- Azure ML has common data cleaning and transformation tasks that you can use or you can also build the data pipeline using R code with Azure ML
- Azure ML supports following problems:
- Binary & Multiclass classification
- Anomaly detection
- For each problem, Azure ML gives you the option to try multiple algorithms — you can also bring other algorithms supported on R or IPyhton (or build your own!)
- Azure ML also helps you tune the parameters for each algorithm — in fact they have a “sweep parameter” task that iterates you multiple input options for each algorithm parameter and identifies the optimal parameter setting for your problem
- Azure ML also makes it easy to compare the performance of different algorithms and help you select the best one for the problem at hand!
- It also supports R and IPyhton notebooks so you can port your existing R/Python code as well and use Azure Platform to operationalize your Machine learning project
So with that, let’s use our framework, to evaluate Azure ML:
Databricks (Spark) Cloud:
Databricks cloud was made generally available in June’15 but don’t let the recent release distract you! Here’s why: Databricks makes it easy for companies to use Apache Spark (which is a defacto standard in big data now just like Hadoop) and so it can leverage number of years of development work that went into spark and that makes the Databricks cloud a compelling offering. It supports the notebooks approach and let’s data scientist write R, Python or Scala code to build data & ML pipelines. Here are few more details about Databricks cloud:
- Databricks cloud supports a number of data sources
- You can build sophisticated data pipelines using Databricks cloud
- They don’t have a wizard so there’s a learning curve for beginners
- They support a number of algorithms which can be extended using R/Python/Scala code
- Notebooks approach let’s data scientist quickly explore and visualize the data — making it easy to iterate through the process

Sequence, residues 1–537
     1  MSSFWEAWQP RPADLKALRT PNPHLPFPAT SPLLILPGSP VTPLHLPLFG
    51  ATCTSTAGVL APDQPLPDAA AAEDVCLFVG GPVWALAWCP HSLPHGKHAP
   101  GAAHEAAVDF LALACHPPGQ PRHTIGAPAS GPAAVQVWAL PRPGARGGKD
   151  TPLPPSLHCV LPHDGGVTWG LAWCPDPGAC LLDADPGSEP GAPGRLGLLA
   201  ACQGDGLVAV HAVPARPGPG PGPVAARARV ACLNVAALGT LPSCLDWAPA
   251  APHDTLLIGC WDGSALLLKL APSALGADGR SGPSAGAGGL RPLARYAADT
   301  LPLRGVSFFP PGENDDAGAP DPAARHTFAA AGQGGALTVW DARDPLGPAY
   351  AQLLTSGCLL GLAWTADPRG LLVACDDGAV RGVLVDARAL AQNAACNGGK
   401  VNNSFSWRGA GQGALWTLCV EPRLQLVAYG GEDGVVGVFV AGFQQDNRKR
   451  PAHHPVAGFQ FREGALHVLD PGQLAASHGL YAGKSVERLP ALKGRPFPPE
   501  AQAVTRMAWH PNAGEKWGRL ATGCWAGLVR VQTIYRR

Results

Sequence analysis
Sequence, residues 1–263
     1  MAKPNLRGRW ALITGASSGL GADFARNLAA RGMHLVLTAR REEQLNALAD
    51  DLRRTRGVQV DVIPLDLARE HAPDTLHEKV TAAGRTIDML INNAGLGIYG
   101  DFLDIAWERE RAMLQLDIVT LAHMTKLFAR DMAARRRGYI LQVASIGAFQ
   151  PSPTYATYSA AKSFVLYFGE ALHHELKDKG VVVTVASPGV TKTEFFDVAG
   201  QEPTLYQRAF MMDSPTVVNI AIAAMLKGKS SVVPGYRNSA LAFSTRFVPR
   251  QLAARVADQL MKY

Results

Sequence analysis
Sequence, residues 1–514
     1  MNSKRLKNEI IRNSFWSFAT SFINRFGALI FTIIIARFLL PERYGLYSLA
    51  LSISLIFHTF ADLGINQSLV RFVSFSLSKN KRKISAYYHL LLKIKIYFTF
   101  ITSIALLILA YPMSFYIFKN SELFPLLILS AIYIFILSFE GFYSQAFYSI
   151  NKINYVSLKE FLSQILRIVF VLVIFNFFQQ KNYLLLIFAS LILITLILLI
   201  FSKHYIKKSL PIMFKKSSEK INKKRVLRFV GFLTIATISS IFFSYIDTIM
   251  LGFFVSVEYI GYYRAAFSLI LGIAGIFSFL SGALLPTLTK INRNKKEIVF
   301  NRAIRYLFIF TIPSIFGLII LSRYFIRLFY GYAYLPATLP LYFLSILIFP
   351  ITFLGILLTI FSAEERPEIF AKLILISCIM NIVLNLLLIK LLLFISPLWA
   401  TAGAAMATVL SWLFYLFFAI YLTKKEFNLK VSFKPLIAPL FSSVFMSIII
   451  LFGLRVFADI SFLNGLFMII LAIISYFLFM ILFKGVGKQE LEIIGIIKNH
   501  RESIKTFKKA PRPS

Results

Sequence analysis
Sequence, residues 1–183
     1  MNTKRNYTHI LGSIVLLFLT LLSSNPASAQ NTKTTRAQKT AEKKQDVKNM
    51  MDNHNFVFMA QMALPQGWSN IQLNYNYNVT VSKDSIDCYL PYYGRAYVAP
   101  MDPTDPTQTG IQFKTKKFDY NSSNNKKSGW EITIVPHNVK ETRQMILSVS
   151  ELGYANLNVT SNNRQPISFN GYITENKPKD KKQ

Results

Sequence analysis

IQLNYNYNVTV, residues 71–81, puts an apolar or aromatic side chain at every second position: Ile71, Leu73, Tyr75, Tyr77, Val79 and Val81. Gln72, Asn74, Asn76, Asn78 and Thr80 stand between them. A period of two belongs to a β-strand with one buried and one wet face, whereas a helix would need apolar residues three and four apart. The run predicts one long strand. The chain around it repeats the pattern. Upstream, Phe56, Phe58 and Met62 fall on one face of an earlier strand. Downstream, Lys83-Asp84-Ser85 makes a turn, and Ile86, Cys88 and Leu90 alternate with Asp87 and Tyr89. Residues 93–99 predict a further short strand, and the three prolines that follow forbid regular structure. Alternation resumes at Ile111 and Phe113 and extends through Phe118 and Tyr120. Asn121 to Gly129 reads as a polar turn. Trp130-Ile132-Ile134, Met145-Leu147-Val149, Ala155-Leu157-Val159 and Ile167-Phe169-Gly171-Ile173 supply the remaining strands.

- You can tune the algorithm parameters
- It also helps you evaluate the algorithms by looking at performance metrics
- Overall, it’s a great service for intermediate to advance level users to work on a machine learning project
So with that, let’s apply the framework to Databricks cloud:
So we saw two different approaches. Point & click (aka Wizard based) and the Notebooks approach. Let’s classify them:
Point & click: Amazon ML, Azure ML
Notebooks: Azure ML, Databricks Cloud.
And to wrap up:
Amazon ML may be sufficient for:
- customers that already have data residing in those providers
- simpler/fewer options are acceptable
AzureML has a strong usability and workflow approach and provides a reasonable cross section of algorithms available for casual & intermediate users
Databricks Cloud is a comprehensive offering:
- Variety, performance, configurability of Algorithms
- Richness of the capabilities of the Notebooks
- Options /configurability of the hosting clusters/environment
You can also view the webinar on this topic. Please find the link below
Third Eye is a direct vendor to Microsoft, Amazon & Google. Third Eye has implemented numerous Big Data projects for them over last 3 years. Third Eye is NOT a reseller of the cloud services of these companies. Third Eye does NOT financially benefit for making any of the following recommendations. This work is purely meant for a technical evaluation of the ML platforms and should not be construed for any other purposes.
About the Author:
Paras Doshi is an analytics & data science professional with passion for helping businesses extract actionable insights out of their data — You can read his blog posts at http://insightextractor.com/
Thank you for reading!